The Lone Star Groundwater Conservation District (LSGCD) board voted Wednesday in a special meeting to throw caution and conservation to the wind. In a long-delayed vote, the board unanimously agreed to adopt “Desired Future Conditions” (DFCs) that allow groundwater pumping to increase from approximately 60,000 acre fee per year to 115,000. This was the third of three alternatives they considered and the one that caused up to 3.5 feet of subsidence in southern MoCo. The board also voted unanimously NOT to include a subsidence metric in their DFCs and to hire an Austin PR firm, The Mach 1 Group, to handle the PR fallout.
Still No Action to Initiate MoCo Subsidence Study
For the third meeting in a row, the board also took no action to initiate Phase II of its subsidence study. The LSGCD Phase I report stated that Phase II would assess subsidence and flooding. However, having decided to ignore subsidence, the fate of Phase II remains unclear. (As of this writing, the board has not yet posted its agenda for the regularly scheduled April 13 meeting, nor has it posted the video of the April 7 meeting.) (Update: as of 4/12 at noon, video of the meeting was still not posted.)
Stage Set for Showdown
All of these decisions set the stage for a showdown at the Groundwater Management Area 14 (GMA-14) meeting this Friday at 9 a.m. Approval of LSGCD’s DFCs requires a two-thirds vote. Because GMA-14 has five voting groundwater conservation districts, approval will require at least three others.
GMA-14 will meet tomorrow at 9 a.m. to discuss its options. See meeting details below if you wish to participate.
More Troubling Contradictions Emerge from Meeting
Those who follow this debate have noted many troubling contradictions on the part of LSGCD and yesterday’s meeting was no exception.
The virtual meeting started 14 minutes late due to connectivity issues. The few hardy souls who persisted through the delays and poor audio quality, were treated to lengthy presentations that covered old ground and several contradictory comments from staff and board members.
- LSGCD claimed at the last GMA-14 meeting that it needed another month to hold stakeholder meetings before they could vote on DFCs. But last night’s reports on the stakeholder meetings did not mention subsidence, only the need to improve communications. This set the stage for the motions to ignore subsidence in DFCs and to hire a PR agency. It would be interesting to learn whether stakeholders expressed concerns about subsidence that weren’t reported.
- QuadVest, which reportedly funded the campaigns of current board members, previously threatened to sue everyone in sight if they didn’t get their way. However, in yesterday’s meeting, they claimed they now had no plans to sue anyone. (Note: Previous to voting on yesterday’s motion, the board discussed litigation in executive session.) Winning through intimidation!
- The board claimed it could not measure subsidence, although tools to do so are cheap and readily available. And the LSGCD staff was told so in the last GMA-14 meeting.
- The board also insisted its problems were based on misinformation, but failed to acknowledge one example. Neither did they acknowledge their own role in spreading disinformation.
- For instance, LSGCD claimed Harris County had no subsidence metric in place, ignoring the facts that the goal of the Harris-Galveston Subsidence District is to eliminate subsidence and that HGSD has extensive regulations in place to get people off of groundwater.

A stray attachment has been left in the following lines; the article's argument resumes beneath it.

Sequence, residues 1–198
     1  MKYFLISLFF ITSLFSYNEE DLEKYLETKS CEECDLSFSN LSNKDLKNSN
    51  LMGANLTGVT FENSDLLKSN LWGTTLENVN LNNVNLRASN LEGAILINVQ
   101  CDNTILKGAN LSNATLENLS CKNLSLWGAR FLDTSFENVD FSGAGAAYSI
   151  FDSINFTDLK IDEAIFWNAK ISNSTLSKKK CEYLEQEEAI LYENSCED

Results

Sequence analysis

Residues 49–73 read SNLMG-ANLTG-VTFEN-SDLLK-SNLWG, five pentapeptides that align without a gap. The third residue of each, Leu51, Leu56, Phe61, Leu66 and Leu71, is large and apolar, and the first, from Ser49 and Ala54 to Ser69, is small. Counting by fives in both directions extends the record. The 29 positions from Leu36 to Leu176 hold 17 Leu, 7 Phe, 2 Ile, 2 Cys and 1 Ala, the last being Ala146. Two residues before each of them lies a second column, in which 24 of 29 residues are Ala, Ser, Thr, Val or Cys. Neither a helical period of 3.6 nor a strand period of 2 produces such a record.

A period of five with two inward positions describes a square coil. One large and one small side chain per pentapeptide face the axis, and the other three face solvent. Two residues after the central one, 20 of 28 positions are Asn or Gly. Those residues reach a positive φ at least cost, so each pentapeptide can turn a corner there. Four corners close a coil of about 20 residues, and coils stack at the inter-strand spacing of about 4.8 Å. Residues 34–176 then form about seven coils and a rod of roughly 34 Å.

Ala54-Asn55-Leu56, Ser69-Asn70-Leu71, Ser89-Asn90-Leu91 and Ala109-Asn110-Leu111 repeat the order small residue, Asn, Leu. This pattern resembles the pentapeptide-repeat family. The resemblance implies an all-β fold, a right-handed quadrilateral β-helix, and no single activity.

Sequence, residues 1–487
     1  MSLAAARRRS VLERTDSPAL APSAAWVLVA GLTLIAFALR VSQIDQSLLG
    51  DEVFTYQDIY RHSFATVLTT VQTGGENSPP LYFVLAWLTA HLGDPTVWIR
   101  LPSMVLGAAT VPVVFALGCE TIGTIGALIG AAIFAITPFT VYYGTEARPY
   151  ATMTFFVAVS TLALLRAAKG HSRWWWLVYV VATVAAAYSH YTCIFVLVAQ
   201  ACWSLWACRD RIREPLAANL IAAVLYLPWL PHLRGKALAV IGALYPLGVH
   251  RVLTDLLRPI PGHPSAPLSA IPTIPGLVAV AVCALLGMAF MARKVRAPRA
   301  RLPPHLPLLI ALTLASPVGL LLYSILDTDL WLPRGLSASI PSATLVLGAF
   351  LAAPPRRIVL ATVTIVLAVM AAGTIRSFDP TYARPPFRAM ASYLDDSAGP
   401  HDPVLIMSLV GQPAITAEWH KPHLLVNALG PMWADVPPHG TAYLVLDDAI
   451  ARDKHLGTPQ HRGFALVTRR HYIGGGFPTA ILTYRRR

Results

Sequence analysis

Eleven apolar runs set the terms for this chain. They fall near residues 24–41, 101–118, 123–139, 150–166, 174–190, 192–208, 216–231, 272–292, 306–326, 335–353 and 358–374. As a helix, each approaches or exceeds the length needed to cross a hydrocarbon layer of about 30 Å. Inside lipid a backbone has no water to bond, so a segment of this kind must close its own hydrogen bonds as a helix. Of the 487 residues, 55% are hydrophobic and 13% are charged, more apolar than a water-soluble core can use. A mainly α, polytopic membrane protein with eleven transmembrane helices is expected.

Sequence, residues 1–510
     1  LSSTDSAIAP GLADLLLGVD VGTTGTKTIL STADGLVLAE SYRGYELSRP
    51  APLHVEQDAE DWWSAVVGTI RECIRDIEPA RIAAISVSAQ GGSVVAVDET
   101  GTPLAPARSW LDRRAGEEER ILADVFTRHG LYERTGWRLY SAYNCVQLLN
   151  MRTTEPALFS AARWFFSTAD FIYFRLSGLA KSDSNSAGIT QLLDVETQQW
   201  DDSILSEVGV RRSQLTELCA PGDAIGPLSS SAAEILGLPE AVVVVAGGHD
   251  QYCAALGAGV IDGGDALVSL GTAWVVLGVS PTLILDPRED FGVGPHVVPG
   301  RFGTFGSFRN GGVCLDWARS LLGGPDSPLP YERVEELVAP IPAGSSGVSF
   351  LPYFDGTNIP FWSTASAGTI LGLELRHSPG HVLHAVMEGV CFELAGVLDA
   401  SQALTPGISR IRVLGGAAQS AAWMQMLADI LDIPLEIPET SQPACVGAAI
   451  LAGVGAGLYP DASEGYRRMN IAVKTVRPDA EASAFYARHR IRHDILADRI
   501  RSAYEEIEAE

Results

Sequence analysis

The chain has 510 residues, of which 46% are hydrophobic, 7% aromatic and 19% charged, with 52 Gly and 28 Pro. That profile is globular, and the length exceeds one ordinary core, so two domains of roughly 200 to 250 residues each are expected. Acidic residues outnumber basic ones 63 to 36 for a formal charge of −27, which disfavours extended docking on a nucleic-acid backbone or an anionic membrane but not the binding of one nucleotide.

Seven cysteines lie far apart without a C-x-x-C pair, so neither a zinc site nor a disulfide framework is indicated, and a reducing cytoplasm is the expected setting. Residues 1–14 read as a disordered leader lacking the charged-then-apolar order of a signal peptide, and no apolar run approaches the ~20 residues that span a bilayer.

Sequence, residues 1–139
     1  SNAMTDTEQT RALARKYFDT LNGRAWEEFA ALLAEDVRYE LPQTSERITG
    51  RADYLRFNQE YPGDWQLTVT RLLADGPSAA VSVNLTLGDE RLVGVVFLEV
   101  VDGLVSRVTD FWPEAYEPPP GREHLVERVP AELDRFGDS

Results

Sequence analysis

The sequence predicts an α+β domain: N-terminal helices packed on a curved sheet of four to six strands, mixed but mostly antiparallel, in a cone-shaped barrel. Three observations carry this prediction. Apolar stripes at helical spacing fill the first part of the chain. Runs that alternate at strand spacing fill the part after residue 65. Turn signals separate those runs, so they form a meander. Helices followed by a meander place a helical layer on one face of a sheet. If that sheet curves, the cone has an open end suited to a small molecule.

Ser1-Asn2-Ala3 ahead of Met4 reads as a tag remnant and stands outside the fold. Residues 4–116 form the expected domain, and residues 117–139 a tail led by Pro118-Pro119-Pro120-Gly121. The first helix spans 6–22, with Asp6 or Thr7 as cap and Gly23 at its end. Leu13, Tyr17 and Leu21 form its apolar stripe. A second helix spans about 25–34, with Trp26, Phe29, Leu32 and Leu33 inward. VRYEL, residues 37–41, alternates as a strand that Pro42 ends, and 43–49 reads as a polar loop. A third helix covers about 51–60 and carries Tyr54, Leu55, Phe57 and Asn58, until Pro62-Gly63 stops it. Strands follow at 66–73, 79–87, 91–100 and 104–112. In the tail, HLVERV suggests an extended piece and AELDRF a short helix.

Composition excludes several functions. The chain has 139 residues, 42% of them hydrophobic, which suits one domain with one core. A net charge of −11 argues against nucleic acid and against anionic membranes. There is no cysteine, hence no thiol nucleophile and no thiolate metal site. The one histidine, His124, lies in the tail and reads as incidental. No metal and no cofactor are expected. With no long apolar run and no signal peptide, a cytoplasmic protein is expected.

- The key argument seemed to be that aquifer decline, not subsidence, was the only limiting factor on groundwater pumping. But modeling showed that at the pumping rate they adopted, subsidence would exceed three feet in places.
- The board also argued that pumping in Harris County affected subsidence in MoCo. While true in certain cases, that ignores the fact that they approved an increase in MoCo pumping while pumping in Harris County is declining.
- They talked a lot about property rights, but never specified whose. QuadVest believes they have a right to pump water from beneath your house.
QuadVest gets to pump more water, the raw material of its business. QuadVest previously backed efforts to get the LSGCD board elected rather than appointed by local regulated entities. QuadVest then reportedly backed a slate of candidates promising to “Restore Affordable Water.” However, according to MoCo residents who get QuadVest water and have contacted me, water rates have not come down.
Consequences of subsidence are widespread. Differential subsidence measured over wide areas can alter the gradient of ditches, pipelines, streams, rivers and lakes. For instance, models show that the subsidence associated with pumping 115,000 acre feet per year in Montgomery County would cause 1 foot of subsidence at the Lake Houston Dam but 3 feet in Kingwood and Huffman. That would put tens of thousands of upstream residents 2 feet closer to floodwaters.
Subsidence can also crack roads, foundations, walls, ceilings, and roofs, especially near fault lines which are plentiful in southern MoCo and northern Harris Counties.
Avoiding Checks and Balances
If subsidence isn’t really a danger as the LSGCD board contends, why not include a subsidence metric in its DFCs? Aquifers can rebound over time, but subsidence is forever. Over-pumping could cause irreversible damage as you see above.
GMA-14 Meeting Details
Posted by Bob Rehak on April 8, 2021
1318 Days since Hurricane Harvey
The thoughts expressed in this post represent opinions on matters of public concern and safety. They are protected by the First Amendment of the US Constitution and the Anti-SLAPP Statute of the Great State of Texas.